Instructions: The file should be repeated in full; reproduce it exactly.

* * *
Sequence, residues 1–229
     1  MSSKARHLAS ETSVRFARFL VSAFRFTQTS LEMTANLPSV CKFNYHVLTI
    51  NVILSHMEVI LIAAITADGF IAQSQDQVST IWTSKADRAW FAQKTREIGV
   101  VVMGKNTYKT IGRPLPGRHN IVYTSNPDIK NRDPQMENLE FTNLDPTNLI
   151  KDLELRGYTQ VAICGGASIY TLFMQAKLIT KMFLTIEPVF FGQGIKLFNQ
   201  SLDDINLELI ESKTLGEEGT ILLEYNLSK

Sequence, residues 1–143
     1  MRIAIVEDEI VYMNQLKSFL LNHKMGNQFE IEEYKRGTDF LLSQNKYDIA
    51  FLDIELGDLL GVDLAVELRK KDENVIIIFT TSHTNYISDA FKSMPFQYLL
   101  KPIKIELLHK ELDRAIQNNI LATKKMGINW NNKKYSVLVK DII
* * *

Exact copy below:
Sequence, residues 1–229
     1  MSSKARHLAS ETSVRFARFL VSAFRFTQTS LEMTANLPSV CKFNYHVLTI
    51  NVILSHMEVI LIAAITADGF IAQSQDQVST IWTSKADRAW FAQKTREIGV
   101  VVMGKNTYKT IGRPLPGRHN IVYTSNPDIK NRDPQMENLE FTNLDPTNLI
   151  KDLELRGYTQ VAICGGASIY TLFMQAKLIT KMFLTIEPVF FGQGIKLFNQ
   201  SLDDINLELI ESKTLGEEGT ILLEYNLSK

Sequence, residues 1–143
     1  MRIAIVEDEI VYMNQLKSFL LNHKMGNQFE IEEYKRGTDF LLSQNKYDIA
    51  FLDIELGDLL GVDLAVELRK KDENVIIIFT TSHTNYISDA FKSMPFQYLL
   101  KPIKIELLHK ELDRAIQNNI LATKKMGINW NNKKYSVLVK DII